The length of time that state-owned Hindustan Aeronautics Limited (HAL) would have required to build French-made Rafale fighter jets in India and questions about the quality of the warplanes it would produce caused a “stalemate” in negotiations with Dassault Aviation (DA) that dragged on for nearly a decade, the Comptroller and Auditor General of India (CAG) said in a report presented in Parliament on Wednesday.
“Five years after the bids, and after three years of [price] negotiations, there was no finalization” of a deal because of these twin issues, the CAG?report said.
The Opposition, in particular the Congress, has underlined that not manufacturing the fighter planes in India was a national loss. The Congress party has accused the government of deliberately leaving HAL out of the deal.
Bengaluru-based HAL was to manufacture 108 of the fighter jets in India and 18 were to be delivered in a flyaway condition by Dassault under the deal the United Progressive Alliance (UPA) government led by Manmohan Singh negotiated in 2007. In 2015, the deal was scrapped by the National Democratic Alliance (NDA) government led by Narendra Modi, which decided to buy 36 fighters in a flyaway condition instead.
Giving a detailed account of the stalemate, the CAG report said Dassault claimed it would take 31.2 million man-hours to produce the 108 fighters. But, “at the time of Bench Marking in June 2011, HAL had stated that the French man hours had to be converted to Indian man hours by multiplying quoted man hours by a factor of 2.7,” the CAG observed. The auditor noted that the manpower cost in India would have been several times higher.
Interestingly, the requirement of more man-hours when arriving at the benchmark price – an indicative price that is used as a guide for price negotiations – was overlooked. This created difficulties during negotiations later with Dassault, which was no longer the L-1 (lowest price) bidder, the CAG observed.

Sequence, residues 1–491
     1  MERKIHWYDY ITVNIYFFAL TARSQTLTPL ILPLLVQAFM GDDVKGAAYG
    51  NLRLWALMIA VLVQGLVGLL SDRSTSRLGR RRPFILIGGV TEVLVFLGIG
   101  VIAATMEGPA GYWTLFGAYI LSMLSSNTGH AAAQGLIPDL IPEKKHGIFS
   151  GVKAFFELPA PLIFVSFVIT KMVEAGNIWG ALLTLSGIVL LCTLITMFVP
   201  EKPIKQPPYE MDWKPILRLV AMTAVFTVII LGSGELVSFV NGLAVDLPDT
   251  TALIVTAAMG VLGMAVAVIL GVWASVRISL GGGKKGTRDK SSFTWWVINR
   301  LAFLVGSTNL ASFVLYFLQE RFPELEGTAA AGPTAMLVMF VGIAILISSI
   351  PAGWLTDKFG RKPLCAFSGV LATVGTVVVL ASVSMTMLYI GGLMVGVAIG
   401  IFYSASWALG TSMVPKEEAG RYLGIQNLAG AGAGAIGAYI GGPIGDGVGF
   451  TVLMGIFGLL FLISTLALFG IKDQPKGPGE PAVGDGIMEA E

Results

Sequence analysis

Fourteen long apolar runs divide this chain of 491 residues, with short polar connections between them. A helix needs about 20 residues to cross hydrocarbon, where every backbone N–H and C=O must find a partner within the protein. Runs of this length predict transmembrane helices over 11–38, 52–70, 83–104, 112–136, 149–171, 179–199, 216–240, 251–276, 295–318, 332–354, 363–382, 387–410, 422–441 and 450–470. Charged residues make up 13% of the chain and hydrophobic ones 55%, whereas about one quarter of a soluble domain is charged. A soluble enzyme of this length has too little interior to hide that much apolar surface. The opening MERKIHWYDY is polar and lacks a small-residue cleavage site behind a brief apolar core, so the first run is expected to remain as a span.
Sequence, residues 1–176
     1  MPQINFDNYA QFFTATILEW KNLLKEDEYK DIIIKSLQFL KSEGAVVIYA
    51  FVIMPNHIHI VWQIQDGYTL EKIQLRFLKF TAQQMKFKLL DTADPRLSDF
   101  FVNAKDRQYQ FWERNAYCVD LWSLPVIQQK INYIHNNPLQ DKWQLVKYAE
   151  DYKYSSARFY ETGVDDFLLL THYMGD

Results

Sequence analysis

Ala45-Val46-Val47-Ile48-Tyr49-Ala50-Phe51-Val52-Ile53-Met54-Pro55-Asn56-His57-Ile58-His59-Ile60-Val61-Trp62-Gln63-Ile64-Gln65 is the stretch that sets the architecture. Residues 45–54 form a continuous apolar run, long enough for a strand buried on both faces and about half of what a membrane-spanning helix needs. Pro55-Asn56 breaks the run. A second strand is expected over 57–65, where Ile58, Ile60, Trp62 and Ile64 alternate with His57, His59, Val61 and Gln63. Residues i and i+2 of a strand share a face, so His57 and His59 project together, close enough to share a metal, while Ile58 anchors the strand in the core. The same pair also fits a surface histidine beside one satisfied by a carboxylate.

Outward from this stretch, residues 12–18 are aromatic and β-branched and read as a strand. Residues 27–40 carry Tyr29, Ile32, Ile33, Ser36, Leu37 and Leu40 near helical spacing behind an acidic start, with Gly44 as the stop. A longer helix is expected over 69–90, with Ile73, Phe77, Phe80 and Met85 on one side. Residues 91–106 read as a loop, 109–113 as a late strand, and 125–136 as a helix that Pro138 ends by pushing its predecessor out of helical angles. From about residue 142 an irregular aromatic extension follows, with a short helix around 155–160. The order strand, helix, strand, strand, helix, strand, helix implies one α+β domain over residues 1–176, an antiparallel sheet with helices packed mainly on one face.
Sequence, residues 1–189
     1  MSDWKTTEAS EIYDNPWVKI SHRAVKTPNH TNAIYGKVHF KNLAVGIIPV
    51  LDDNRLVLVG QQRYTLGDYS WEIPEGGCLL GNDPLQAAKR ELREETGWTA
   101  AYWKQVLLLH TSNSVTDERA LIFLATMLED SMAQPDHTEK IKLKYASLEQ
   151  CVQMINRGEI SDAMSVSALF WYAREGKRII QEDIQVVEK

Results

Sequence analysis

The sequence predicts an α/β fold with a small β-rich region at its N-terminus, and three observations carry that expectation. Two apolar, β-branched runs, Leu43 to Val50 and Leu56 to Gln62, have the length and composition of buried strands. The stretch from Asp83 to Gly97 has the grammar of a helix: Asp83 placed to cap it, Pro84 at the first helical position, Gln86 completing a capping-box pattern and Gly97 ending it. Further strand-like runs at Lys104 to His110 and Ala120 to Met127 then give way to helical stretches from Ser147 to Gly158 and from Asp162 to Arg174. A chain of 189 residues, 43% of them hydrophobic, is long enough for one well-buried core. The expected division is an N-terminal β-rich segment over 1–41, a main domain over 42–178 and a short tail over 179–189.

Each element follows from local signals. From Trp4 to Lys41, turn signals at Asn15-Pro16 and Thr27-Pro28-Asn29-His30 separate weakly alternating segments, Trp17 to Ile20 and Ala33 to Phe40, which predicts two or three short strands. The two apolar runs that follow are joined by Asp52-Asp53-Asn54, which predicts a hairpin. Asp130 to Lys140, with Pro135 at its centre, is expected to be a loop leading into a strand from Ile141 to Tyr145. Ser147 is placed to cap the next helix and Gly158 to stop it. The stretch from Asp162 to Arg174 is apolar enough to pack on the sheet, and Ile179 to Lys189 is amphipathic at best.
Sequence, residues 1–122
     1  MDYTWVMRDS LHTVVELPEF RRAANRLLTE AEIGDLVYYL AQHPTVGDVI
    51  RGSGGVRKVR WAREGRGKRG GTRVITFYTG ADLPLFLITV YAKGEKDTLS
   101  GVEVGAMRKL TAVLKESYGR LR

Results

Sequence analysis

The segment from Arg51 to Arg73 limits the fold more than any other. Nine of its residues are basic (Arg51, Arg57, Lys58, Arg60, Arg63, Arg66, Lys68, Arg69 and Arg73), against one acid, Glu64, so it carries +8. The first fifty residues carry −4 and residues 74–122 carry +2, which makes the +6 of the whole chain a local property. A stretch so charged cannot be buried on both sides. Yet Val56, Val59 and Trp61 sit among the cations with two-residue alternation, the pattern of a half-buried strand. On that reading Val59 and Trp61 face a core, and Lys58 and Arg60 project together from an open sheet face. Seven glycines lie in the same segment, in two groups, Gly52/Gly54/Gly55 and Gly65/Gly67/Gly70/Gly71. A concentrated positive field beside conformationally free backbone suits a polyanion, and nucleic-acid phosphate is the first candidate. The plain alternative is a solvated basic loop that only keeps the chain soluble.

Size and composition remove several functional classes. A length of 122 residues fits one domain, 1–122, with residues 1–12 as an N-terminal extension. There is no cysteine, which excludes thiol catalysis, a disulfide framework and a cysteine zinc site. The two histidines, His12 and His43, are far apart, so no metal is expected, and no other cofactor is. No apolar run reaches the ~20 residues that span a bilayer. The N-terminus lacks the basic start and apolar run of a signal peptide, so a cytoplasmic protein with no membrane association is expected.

The defence ministry’s plea that “man-hour factor required by HAL was not on basis of scientific rationale” and therefore ignored was rejected by CAG. “Audit noted that the reply of the Ministry is silent on the manner the bid of M/s DA was evaluated,” CAG noted.
Dassault also refused to guarantee the quality of the fighters manufactured by HAL.
“During CNC (Contract Negotiations) M/s DA took the position that the firm was only responsible for delivery of 18 direct flyway aircraft,” CAG observed.
The original tender by India had said the “vendor ( in this case Dassault Aviation) should guarantee the performance of the product to design specifications, at the production agency or customer locations.”
The two issues — extra man-hours required by HAL and Dassault’s refusal to guarantee the quality of fighters produced in India –led to the stalemate in negotiations, the CAG report observed.
“It takes time to absorb new technology, there is something called a learning curve. As we manufacture more of certain type of equipment, the learning curve would tend match that of the manufacturer,” Air Chief Marshal S Krishaswamy (retd) said on the larger man-hour requirement of HAL.
He also said the original equipment manufacturer could not perhaps have taken responsibility for products manufactured in India.